Baldwin latter retreated from this position, admitting that his caucus felt winning was important, but that it also wanted campaigns to center more about the issues than was currently the case in Connecticut. The message was, however, quite clear: Given a choice between defense of their position of principle on certain issues, and victory at the polls, the insurgents would choose principle, while Bailey and other regulars would opt for victory.
THIS dichotomy is not particularly new; it has appeared periodically in the struggles between "bosses" and "reformers" in American politics. Though the surface aspects of the struggle have changed, the underlying opposition in political ethics has remained remarkably constant.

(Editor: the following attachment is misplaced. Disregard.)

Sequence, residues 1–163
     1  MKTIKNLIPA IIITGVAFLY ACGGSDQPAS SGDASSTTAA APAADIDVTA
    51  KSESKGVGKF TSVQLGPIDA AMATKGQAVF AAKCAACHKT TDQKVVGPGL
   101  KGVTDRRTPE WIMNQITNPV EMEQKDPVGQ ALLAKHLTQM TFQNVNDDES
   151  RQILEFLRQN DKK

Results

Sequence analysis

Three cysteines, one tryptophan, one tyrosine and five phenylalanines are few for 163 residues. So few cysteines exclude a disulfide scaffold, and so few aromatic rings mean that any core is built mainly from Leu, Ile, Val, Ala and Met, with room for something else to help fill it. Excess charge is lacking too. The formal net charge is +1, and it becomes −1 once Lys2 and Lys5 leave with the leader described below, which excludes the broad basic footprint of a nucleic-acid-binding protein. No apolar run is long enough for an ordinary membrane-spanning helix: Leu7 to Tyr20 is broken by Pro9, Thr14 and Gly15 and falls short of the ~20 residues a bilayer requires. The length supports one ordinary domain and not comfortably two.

There is little doubt which ethic is most attractive to students at Harvard and at many American colleges. The reformist or New Politics idea that politics should be an issue-oriented struggle for the public should be an issue-oriented struggle for the public good is, after all, the sort of thing many of us absorbed in our high school civics or American government classes; the regulars' view of politics as primarily a struggle for public office, waged by almost any means necessary, smacks of the cartoons of Boss Tweed we viewed in those selfsame classes. And we feel comfortable with an ideal of a participatory political system which would have as one of its principal features the kind of endless discussions of political issues which students enjoy in their leisure moments.